A plant that loves to be near water. Called jewelweed because if a leaf is held underwater it appears silvery, and called touch-me-nots because when the seed pods are ripe enough, a light touch will make them pop open and shoot out their seeds. Native to the U.S.

Common Jewelweed, Touch-me-not, Spotted Jewelweed, Orange Balsam (Impatiens capensis)

Black Raspberries

I missed these when they were flowering. A shrub with arching thorny canes. Native to eastern North America. Delicious!

Black Raspberries (Rubus occidentalis)

Common Mullein

Near a bridge over the Charles in Sherborn. This is one of those really tall vigorous weeds– the flower spikes can reach 10 feet! They live to be 2 years old — the first year they’ll have a rosette of foliage only, and the second year the flower spike will appear, and that’s it. Each plant can make over 100,000 seeds in a year, and the seeds are very hardy and can last for dozens of years… so they can wait in the soil for the right conditions. It’s considered a pioneer plant, meaning when an area has been burned, for instance, this is one of the first plants that will appear. Was introduced to Virginia from Europe. Not many creatures will eat mulleins — mostly insects that also are native to Europe. Some birds eat the seeds. The leaves are soft and furry — hummingbirds line their nests with them!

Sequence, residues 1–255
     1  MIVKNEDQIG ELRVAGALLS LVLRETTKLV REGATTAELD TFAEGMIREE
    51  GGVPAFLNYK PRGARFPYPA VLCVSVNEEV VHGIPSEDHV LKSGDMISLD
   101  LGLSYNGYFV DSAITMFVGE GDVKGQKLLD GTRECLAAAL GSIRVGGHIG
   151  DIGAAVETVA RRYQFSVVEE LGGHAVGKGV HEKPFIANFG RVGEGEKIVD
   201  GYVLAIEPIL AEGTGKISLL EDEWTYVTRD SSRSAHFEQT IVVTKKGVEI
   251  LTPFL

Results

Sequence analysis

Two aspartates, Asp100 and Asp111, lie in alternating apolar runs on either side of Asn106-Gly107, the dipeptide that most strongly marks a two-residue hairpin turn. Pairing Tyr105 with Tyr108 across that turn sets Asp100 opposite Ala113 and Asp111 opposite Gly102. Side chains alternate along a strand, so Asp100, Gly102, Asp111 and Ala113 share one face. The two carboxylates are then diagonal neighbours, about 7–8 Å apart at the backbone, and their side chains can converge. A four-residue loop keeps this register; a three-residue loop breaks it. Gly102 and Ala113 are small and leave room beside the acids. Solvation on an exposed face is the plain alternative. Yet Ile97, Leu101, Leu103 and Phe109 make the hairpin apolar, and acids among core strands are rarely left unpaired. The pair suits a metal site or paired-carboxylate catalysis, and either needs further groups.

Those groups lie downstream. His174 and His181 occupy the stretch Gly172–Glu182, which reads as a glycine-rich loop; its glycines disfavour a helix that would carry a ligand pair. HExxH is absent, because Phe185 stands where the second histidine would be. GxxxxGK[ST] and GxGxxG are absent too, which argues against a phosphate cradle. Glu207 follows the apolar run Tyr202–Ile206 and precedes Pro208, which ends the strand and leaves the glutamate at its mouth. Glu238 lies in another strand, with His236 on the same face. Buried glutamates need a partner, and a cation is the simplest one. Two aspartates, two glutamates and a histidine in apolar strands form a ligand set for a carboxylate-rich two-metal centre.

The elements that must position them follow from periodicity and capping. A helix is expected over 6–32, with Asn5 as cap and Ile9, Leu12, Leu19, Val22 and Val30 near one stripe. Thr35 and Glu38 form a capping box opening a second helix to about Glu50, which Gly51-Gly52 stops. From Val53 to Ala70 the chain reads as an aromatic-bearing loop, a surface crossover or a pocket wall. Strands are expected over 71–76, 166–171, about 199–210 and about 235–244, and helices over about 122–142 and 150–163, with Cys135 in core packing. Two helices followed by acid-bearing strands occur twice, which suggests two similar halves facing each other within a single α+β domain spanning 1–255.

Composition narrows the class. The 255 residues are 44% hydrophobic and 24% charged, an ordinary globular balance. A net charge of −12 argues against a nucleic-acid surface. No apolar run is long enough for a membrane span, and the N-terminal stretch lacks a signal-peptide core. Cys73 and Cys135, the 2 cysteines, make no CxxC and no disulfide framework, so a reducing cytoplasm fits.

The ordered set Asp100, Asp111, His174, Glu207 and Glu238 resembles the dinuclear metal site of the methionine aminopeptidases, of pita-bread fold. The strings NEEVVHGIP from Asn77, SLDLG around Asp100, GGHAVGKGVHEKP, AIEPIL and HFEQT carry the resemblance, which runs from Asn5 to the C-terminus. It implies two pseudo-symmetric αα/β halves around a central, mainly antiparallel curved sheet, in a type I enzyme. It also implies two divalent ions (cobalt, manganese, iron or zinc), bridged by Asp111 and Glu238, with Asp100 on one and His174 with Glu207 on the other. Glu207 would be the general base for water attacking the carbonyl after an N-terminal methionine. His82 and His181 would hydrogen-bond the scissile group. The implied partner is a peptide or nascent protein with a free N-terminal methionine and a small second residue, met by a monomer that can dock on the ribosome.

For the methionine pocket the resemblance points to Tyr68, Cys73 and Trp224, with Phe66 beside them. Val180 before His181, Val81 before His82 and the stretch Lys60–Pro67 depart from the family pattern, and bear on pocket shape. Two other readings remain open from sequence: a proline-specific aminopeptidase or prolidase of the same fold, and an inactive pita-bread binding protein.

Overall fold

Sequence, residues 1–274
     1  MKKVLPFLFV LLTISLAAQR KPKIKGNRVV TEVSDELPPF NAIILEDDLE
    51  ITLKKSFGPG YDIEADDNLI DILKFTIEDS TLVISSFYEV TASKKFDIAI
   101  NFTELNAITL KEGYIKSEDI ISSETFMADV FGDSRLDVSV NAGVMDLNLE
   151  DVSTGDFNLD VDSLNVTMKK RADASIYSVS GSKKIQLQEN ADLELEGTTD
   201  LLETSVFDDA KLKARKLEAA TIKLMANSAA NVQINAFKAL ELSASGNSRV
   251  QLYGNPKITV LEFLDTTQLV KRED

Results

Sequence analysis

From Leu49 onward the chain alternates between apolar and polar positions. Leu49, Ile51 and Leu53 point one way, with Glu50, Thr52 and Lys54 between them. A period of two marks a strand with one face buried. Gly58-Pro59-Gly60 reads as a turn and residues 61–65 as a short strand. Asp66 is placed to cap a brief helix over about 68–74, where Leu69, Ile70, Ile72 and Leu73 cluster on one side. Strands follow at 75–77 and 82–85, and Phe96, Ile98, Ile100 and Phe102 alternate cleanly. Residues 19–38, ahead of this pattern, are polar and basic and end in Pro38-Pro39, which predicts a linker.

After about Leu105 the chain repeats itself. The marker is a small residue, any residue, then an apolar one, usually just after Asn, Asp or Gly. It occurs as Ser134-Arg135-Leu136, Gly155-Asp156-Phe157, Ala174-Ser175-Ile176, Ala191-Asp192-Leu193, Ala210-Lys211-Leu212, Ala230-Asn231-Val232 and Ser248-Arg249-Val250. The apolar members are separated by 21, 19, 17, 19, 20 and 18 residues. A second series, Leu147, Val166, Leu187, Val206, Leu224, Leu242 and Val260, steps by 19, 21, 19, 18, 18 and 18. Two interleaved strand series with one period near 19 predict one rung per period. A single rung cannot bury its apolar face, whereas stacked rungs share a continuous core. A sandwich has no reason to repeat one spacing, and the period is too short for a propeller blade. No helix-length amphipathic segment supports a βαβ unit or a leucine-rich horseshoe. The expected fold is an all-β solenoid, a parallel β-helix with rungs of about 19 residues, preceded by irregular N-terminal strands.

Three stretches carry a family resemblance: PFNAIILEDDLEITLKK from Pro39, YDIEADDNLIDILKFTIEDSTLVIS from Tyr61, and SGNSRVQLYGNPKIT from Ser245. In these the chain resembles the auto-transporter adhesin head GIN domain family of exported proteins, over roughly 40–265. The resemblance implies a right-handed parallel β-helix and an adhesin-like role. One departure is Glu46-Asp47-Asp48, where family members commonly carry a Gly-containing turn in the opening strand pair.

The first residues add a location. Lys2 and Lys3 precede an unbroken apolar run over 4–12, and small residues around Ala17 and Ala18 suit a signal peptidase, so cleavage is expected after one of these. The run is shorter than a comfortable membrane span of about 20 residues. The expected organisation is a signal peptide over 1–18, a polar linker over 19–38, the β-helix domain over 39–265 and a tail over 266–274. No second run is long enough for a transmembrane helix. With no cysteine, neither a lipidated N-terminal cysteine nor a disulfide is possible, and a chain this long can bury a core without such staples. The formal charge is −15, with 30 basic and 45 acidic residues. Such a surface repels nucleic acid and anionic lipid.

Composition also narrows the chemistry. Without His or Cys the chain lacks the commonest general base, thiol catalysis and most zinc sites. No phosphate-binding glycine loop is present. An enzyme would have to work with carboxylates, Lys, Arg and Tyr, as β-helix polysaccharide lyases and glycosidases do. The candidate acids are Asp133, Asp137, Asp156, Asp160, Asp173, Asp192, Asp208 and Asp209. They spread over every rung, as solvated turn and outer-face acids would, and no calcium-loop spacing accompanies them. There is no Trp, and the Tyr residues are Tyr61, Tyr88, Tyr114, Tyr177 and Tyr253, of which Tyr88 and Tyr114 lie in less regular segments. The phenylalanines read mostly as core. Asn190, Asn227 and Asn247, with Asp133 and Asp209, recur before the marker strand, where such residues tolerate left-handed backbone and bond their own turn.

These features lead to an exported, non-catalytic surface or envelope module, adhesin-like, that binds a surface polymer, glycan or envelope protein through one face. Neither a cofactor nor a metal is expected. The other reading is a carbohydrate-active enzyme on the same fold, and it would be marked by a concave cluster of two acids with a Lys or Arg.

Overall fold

Update: the new first shot is of an open blossom, shot in my yard in late September.

Common Mullein (Verbascum thapsus)

Sweet Meadow Rue

A tall shrub-like wildflower. Foliage similar to columbine. This is an area we haven’t been to for months, and it was full of flowers new to me, and not appearing at our other usual places. This is one of those herbs considered to have magical properties (good for divination).

Sweet Meadow Rue (Thalictrum aquilegifolium)